Gorgeous Georgia is a giraffe who brags on herself. She eventually learns that true beauty comes from within our hearts. Her animal friends learn not to judge others and it is crucial to have understanding of the circumstances of others. Georgia and the other animal friends become wonderful friends at the end. There is a coloring page at this end of Georgia as she says, “Color me anyway you like. My heart is already beautiful and that’s all that matters!”
I Only Eat Trout is about a little boy named Joey who is consumed by worries. His perceptive teacher realizes that she needs to come up with a plan to help him with his anxiety. There is a “Worry Pouch” at the end of the book with sticky note pads where kids can write down their worries and stuff them away in the pouch to forget about them. There is also a Happy Thoughts Pad where they can write down the small, happy moments in their daily lives and save them under their pillow, as a reminder of all the good.
“In ‘I Only Eat Trout,’ Hunter Darden captures the essence of anxiety through the eyes of a child. This book is a simple, profound and practical guide for children and families who struggle with the stress and anxiety of day to day life. Whether one’s “worries” are situational or long standing sensible tools are needed to cope effectively. Hunter Darden brings creativity, wisdom and compassion to the increasingly common struggle of childhood anxiety in our culture. I highly recommend this book as a staple in every home of young children.”
-Tammy A. Summers, M.Ed., Licensed Professional Counselor-
The Everlasting Snowman combines the excitement of an unexpected holiday due to snow and the recognition of the eternal nature of life, The Everlasting Snowman is a story for all ages and all seasons. The wonder and beauty of creation is recalled and represented in word and picture, a delight to ear and eye. The value of play and recreation, friendships and family are all highlighted as the children in the story join together to build a snowman family. By so doing, they discover that there is more to life than meets the eye. They discover the great circle of life–a circle that is everlasting–and so do we.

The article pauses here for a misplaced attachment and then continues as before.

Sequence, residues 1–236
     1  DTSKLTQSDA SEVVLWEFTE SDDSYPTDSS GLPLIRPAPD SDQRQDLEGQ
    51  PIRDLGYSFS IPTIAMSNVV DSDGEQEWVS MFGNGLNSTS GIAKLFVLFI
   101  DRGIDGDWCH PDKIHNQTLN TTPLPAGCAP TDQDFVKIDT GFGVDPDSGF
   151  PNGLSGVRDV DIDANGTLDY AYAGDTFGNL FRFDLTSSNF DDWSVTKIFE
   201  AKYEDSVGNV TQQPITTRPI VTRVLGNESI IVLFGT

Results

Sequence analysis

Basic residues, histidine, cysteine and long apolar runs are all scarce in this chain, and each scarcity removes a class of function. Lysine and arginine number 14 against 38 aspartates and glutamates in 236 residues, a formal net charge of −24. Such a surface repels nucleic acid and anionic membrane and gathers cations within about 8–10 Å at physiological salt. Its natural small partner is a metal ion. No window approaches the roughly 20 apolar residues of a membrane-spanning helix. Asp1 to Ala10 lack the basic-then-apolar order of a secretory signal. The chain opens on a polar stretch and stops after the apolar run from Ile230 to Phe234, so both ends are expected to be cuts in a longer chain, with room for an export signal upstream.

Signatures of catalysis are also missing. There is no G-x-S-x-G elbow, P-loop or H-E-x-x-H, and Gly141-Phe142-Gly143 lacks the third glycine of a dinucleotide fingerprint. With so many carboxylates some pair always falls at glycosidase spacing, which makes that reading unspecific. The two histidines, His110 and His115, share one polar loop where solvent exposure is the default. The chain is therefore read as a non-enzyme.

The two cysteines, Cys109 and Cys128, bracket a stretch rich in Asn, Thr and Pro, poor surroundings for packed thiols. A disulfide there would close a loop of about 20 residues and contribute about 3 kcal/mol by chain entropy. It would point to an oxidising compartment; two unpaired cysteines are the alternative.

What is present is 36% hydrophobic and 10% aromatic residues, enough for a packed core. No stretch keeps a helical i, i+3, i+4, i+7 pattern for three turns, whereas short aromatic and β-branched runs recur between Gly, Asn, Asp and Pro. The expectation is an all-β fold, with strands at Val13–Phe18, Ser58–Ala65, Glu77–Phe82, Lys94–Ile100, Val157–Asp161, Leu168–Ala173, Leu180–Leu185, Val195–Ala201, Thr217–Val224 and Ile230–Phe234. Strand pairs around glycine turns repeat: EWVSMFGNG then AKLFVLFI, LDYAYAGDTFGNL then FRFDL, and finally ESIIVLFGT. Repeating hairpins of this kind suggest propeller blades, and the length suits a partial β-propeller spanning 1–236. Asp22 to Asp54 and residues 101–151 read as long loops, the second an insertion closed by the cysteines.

The Everlasting Snowman reminds us both to rejoice in the present and to have faith and trust for the future. Nothing is ultimately lost, nothing ever taken away. The good gift of life is everlasting. The gifts of God are eternal. The Everlasting Snowman invites all, young and old, to ponder anew this truth.
Horse Sense and Savvy is a collection of columns that I have written for The Charlotte Observer. (Iredell Neighbors) We humans are fascinating creatures with our intriguing natures and idiosyncrasies that make us who we are. Because of our interesting natures, I have been provided with great fodder for my columns. We are all on this journey called “life.” It is our responsibility to make the best of it. If we can try to lead our lives with some semblance of “horse sense” and a touch of savvy, along with generous amounts of wisdom, we can turn life into a rewarding, amusing trip through its trials and joys.
Tapestry is the saga of the heart and soul as they journey together and meet at a crossroads to form the ultimate love story. It is Olivia’s personal journey of self-discovery through a lifetime of grief resolution. It culminates into the beauty of love at its finest when Olivia finds real love all because of a simple sentence, a dove, and an unexpected letter. You know that your heart will hurt forever, but there is hope to be “whole” again. Hope would certainly be a cruel vessel, if healing were not there at the end. Healing and hope are cousins of a sort. Wisdom is not learned from living a “bed of roses”. It’s the “bed of thorns” that has the greater nourishing power.
Tapestry could well be the next Tuesdays with Morrie. Lynn Payne, CRM Barnes and Noble
The perfect gift book for anyone suffering the loss of a loved one. This small volume is extraordinarily well-produced. The cloth hardback is covered by a charming dust cover and embellished with an inbuilt ribbon marker, as elegant books often are. The attractiveness of the book could hardly be improved.
The inventive uses of lower case in the early part of the story, which show the protagonist’s loss of a sense of identity, are balanced in the latter part by upper case fonts that emphasize her recovery of her faith. Reflecting, as the photographs indicate, much of her own experience in losing family members, the story shows her journey through pain and doubt.
The rules she invents to guide herself back to emotional health are filled with common sense and deliberate reaching out to others. Her journal entries, cries from her wounded heart, are balanced by the narrative she tells. The ending is comforting and positive. A fine gift for the bereaved.–Writer’s Digest Magazine
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